Zero cited for illegal fireworks use
Police say more critical calls kept them from enforcement
The number of fireworks-related complaints on the Fourth of July dropped by about half this year, but the number of citations written by Sandy police officers stayed the same as it has for the last decade or so - zero - despite a mandate from the city council to crack down on illegal fireworks use.
Between 12:01 a.m. and 11:59 p.m. Tuesday, July 4, the Sandy Police Department received 27 calls for service - a number apparently higher than the average Tuesday. Three of those calls, Skelton said, were fireworks-related, down from six last year.
During the holiday weekend - July 1 to July 5 - the department had 12 calls about illegal fireworks use, which is close to its average of about 15 police calls every day.
Several weeks before Independence Day, Sandy Police indicated that it would crack down on unlawful fireworks use by writing citations - which would number in the hundreds of dollars and could lead to jail time. The 'crackdown' was prompted by city councilors who had received complaints from citizens in 2005.
On two separate occasions this holiday weekend, officers confiscated illegal fireworks without incident. They destroyed the devices by soaking them in water instead of burning them. No citations were written.
'Typically we haven't issued any,' Skelton said, noting that it's been 10 to 12 years since one has been written. 'We try to be lenient with people because we realize it's a celebration.
'Even though a lot of illegal fireworks were going on,' he continued, 'not a lot of them are calling in. For the bulk of the community, it's apparently not a big deal; it's not disrupting them.'
The reason Sandy officers didn't get out and stop the majority of the illegal fireworks use in the city is simply, manpower.
'I think if (the police) didn't have their hands so tied up with traffic control they probably could have issued a few tickets,' said City Manager Scott Lazenby. 'They were spread pretty thin.'
Skelton said other, higher priority calls also kept law enforcers from writing citations. 'We had everything we normally do plus the fireworks. Countywide, fireworks are a low priority unless people are doing it in a way that endangers people.'
Holiday weekend calls included illegal fireworks complaints, fire alarms, public assists, an incomplete 9-1-1 call, an incident of indecent exposure, a traffic accident and a suicide attempt.
There was only one arrest for the weekend - a hit-and-run. 'I've seen much worse Fourths,' Skelton said. 'This year feels about normal.'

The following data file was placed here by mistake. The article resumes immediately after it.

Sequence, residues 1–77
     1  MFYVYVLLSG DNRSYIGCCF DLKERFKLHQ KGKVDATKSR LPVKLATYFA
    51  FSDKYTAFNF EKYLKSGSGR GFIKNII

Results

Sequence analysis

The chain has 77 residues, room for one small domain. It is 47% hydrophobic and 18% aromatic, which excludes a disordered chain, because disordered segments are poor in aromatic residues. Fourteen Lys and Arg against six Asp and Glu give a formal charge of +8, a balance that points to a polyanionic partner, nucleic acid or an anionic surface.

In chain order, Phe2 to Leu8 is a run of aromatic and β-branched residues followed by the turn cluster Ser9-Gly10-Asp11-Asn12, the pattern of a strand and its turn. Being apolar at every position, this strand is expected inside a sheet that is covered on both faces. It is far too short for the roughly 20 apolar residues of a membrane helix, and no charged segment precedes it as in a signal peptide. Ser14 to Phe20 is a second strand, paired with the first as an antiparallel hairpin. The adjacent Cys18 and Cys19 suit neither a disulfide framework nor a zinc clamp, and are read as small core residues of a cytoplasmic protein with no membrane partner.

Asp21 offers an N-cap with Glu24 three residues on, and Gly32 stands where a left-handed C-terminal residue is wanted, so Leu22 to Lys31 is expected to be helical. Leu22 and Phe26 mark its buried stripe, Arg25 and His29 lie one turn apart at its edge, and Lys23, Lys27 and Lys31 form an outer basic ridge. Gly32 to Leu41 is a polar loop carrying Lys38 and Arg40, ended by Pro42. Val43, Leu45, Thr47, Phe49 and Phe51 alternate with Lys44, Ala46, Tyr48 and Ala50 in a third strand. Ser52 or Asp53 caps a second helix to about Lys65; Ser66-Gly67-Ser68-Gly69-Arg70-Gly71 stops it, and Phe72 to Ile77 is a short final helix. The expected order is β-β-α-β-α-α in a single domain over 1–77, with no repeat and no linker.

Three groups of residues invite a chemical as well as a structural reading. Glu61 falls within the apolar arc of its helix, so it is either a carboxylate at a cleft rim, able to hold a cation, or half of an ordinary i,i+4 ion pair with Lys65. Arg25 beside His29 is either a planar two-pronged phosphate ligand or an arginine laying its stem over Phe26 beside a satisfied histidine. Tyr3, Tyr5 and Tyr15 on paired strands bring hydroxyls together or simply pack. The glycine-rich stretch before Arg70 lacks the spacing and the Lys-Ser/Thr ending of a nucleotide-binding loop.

Sandy Fire District Spokesperson Alice Lasher said fireworks caused no 'major' fires during holiday weekend.
Just before 11 p.m. on Sunday, July 2, firefighters were dispatched to the 35400 block of Highway 211 to put out a tree fire that started after citizens placed their used fireworks beneath a tree with low-hanging branches.
'One of the fireworks was still warm enough to re-ignite and put part of the tree on fire,' Lasher said. The blaze burned three trees and a fence before firefighters extinguished it.
On July 4, a juvenile reportedly threw a legal 'spinner' firework cross Bluff Road into the grass near the school bus barn. The fire briefly threatened a Dodge Durango before an officer stamped it out.
'The Fourth of July is usually not a huge fire issue for us,' noted Lasher, 'it's the month leading up to the Fourth and afterward. Kids have leftover fireworks and no leftover supervision. It's a pretty big issue through October.'
Rather, 'The peripheral activities of the Fourth cause problems,' Lasher said - 'the drinking and driving, party atmosphere. That was an issue.' The Sandy area saw four visits from LifeFlight during the holiday weekend (Saturday to Tuesday).
But local fire officials still believe more can be done to curb illegal fireworks. By next Fourth of July Sandy Fire District will begin issuing citations to offenders.
'There's an awful lot of opportunity to enforce (fireworks laws),' Lasher said. 'This is a fire issue, so it's something the fire service has to look at and take on. The goal is to increase the public safety.'
Lasher said the district has always been able to issue fireworks citations under state law, however it has historically stayed away from using that authority.
'Enforcement of fireworks-related issues is always kind of one of those murky waters for the fire district,' Lasher said. 'Enforcement of law is typically a law-enforcement responsibility.' She noted that the decision to issue citations next year 'is certainly not a reflection on law enforcement.'
Skelton says he is skeptical that the fireworks problem can ever be resolved. 'There's no way you can totally eradicate illegal fireworks,' he said. 'You compare it to drugs. If you have an officer on every street corner, maybe you'll be able to get rid of them. What we're trying to do is educate people and deal with individual problem cases in a reasonable manner, and hopefully get compliance.'
Lasher said that while the community is generally pretty responsible when it comes to fire and fireworks safety, 'It doesn't mean that people should let their guards down.'
She said parents need to continue to monitor their children's fireworks use, if for no other reason than the fact that parents are legally responsible for anything their son or daughter does with fireworks.